A man digs a grave in a refugee camp for displaced Ugandans. More than 2 million
have fled their homes during the 18-year-old conflict [GALLO/GETTY]


Despite recent progress, political observers believe peace talks between the rebels of the Lord's Resistance Army (LRA) and the Ugandan government are in peril.

Less than a week before the final peace agreement is to be signed, the parties remain deadlocked about the fate of Joseph Kony, a reclusive rebel leader. 

His group said it will only sign the peace agreement on April 3 if the International Criminal Court (ICC) drops charges against him.

The move could give the peace process a major boost, but it could also erode the credibility of the ICC, which was created to try people accused of war crimes and crimes against humanity. Kony and his top commanders have been indicted because there is overwhelming evidence against them.

Peace or justice?

Now - in the interest of peace for the people of northern Uganda who have been murdered, raped, abducted and displaced by the rebels - there are calls for the ICC to drop the charges and let the Ugandan government try the rebels.

Documents that have been signed in the southern Sudanese capital of Juba, the venue for peace talks, contain mentions of a special court to try the rebels who have committed atrocities. Those accused of lesser crimes will be tried under mato oput, or traditional justice, preferred by people in Kony's home region.

Uganda's courts are semi-independent and many doubt whether they could provide justice of a standard that will satisfy the ICC, which must navigate through a difficult situation.

If it drops the charges, the court will face criticism from the international community and have a hard time justifying its existence. But if it presses ahead with the charges, the peace process may amount to nothing, some analysts say.

No turning back

Yoweri Museveni, Uganda's president, told reporters on a recent visit to the UK that since his government requested the ICC's involvement with Kony, he can ask the court to refer the matter back to Uganda.

LRA forces have abducted and enslaved up
to 20,000 Ugandan children [GALLO/GETTY]
But the ICC is insisting that the charges will not be dropped, despite reports from Ugandan media that the court is looking into the government's ability to try Kony by international standards.

"Once an arrest warrant is issued, it cannot be withdrawn," Sonia Robla, an ICC spokeswoman, told Al Jazeera. "The matter is in the hands of judges and charges cannot be dropped. This is the position of the court."

If indeed this is the official position, and if the rebels stick to their demands, the peace process is doomed, say some leaders.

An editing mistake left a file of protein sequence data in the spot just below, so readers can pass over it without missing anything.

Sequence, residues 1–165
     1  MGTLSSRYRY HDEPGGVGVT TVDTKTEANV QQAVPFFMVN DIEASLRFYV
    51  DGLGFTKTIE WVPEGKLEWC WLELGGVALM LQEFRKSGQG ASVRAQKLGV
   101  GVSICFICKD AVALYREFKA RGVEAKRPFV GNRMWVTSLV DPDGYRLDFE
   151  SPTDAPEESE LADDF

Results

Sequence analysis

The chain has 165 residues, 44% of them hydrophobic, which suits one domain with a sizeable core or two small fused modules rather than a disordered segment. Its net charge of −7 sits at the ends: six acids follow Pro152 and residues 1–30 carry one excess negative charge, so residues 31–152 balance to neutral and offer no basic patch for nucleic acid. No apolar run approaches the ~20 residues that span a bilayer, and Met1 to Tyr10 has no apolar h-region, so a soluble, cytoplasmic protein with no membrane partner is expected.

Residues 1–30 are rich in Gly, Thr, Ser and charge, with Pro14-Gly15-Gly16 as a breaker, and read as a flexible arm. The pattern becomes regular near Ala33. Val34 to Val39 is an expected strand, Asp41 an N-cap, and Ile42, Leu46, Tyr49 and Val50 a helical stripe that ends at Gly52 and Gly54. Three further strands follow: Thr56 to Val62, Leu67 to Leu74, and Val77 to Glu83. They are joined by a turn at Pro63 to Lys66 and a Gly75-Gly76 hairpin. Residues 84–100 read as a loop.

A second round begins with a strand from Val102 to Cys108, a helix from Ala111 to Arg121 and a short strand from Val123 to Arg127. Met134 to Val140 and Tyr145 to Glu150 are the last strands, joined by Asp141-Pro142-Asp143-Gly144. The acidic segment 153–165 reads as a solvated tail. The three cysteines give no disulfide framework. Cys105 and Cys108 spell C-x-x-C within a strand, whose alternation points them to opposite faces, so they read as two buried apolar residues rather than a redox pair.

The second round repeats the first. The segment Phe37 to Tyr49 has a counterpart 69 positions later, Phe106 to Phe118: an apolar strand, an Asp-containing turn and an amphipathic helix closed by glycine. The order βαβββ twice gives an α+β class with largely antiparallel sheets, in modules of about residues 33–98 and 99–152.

But negotiators like Ruhakana Rugunda, a cabinet minister who heads the government delegation at the talks, are optimistic.

"Kony has no alternative but to sign the peace agreement," he told Al Jazeera.

He said media reports that Kony had left his hideout in the Democratic Republic of Congo (DRC) for neighbouring Central African Republic (CAR) were not a setback to the peace process as "Kony has always been mobile".

Uganda's options

The government can only hope for the best as there is precious little it can do to salvage the peace process. Prevailing on the ICC to let it try Kony may be good for peace, but there is hardly any time left for this option.

Significantly, human rights groups such as Amnesty International and Human Rights Watch are urging Uganda, a party to the ICC, to honour its obligations.

If the peace agreement fails, the government could choose to continue fighting the LRA. The rebels are in a hopelessly weak position, having suffered heavy defeats over the years.

They have also been classified as a terror group in the wake of the September 11, 2001, attacks. Few governments, if any, are ready to back them, fearing the military might of the US. This puts the government at an advantage.

But many people in northern Uganda, who have lived in terror for 21 years, fear that the LRA, decimated as it is, can still cause suffering.

At the rebellion's height, insurgents chopped off people's noses and ears. They abducted children by the hundreds, forcing them to become child soldiers or spouses of the rebels. The LRA's political agenda has been to rule Uganda according to the "Biblical Ten Commandments".

The government estimates that thousands have been killed and relief agencies put the number of displaced people at two million.

Skepticism prevails

The current lull in fighting, a result of the continuing talks, has prompted some refugees to return home. But many are still skeptical and continue to live in the camps for the internally displaced, awaiting the signing of the final peace agreement.

The ICC has charged LRA rebel leader Joseph
Kony with war crimes [AP]
Their doubt is shared by people such as Frank Nyakairu, a reporter on the Daily Monitor newspaper in Kampala. "I think Kony has no intention to end the war," he told Al Jazeera.

While Kony may not be able to fight the government, the LRA could still be used by other rebel movements as a mercenary army to wreak havoc in the region, added Nyakairu, who has covered the rebellion for the past six years.

Kony has been linked to Chad's main rebel leader, Mahamat Nouri, and is said to have moved most of his rebels to the Central African Republic (CAR). The LRA rebels have not threatened to resume fighting if peace talks fail, but analysts say it is hard to imagine that they will just sit around with their weapons.

Regardless of what happens with the peace talks, the LRA has the most to lose. If the group signs the peace agreement, its members will be wanted by the ICC, unless charges are dropped. If it doesn't, then the government will hunt it down.

As Moses Odokonyero, a resident of Gulu, one of the districts that bore the brunt of the rebellion, said: "Success for the LRA in Juba will also be a loss."

Source: Al Jazeera